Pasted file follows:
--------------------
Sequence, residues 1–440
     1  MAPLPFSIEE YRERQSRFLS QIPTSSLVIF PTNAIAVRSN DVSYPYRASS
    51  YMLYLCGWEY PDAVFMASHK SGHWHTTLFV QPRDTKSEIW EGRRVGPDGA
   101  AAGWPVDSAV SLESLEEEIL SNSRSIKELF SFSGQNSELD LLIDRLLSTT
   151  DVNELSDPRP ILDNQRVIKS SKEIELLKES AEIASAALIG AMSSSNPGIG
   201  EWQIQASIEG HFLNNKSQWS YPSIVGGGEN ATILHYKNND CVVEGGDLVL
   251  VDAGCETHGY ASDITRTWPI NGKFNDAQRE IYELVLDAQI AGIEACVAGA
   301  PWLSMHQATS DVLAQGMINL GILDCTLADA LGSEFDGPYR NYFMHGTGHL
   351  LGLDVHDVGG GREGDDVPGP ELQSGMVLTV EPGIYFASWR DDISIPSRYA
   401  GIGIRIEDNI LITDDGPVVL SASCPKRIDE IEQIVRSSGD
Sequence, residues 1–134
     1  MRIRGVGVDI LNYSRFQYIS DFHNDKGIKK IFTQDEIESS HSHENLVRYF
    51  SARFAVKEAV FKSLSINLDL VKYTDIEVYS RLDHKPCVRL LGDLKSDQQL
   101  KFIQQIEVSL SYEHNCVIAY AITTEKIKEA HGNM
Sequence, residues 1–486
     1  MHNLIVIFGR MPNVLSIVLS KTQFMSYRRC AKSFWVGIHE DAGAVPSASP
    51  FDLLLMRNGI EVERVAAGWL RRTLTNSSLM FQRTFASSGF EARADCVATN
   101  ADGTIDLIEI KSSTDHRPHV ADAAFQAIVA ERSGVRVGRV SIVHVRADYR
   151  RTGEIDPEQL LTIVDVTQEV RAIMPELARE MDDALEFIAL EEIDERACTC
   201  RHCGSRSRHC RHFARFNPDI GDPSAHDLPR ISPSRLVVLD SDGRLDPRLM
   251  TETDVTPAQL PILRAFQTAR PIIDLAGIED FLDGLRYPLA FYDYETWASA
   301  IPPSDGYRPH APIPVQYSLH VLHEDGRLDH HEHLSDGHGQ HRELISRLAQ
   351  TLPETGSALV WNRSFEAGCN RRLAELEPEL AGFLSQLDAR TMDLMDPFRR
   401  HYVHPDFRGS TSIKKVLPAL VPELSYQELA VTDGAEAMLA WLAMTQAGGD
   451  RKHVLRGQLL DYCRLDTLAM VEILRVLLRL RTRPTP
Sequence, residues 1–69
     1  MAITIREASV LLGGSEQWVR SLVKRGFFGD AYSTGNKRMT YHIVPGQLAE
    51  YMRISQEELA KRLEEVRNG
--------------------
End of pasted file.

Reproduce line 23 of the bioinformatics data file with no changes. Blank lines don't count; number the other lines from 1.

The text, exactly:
   351  TLPETGSALV WNRSFEAGCN RRLAELEPEL AGFLSQLDAR TMDLMDPFRR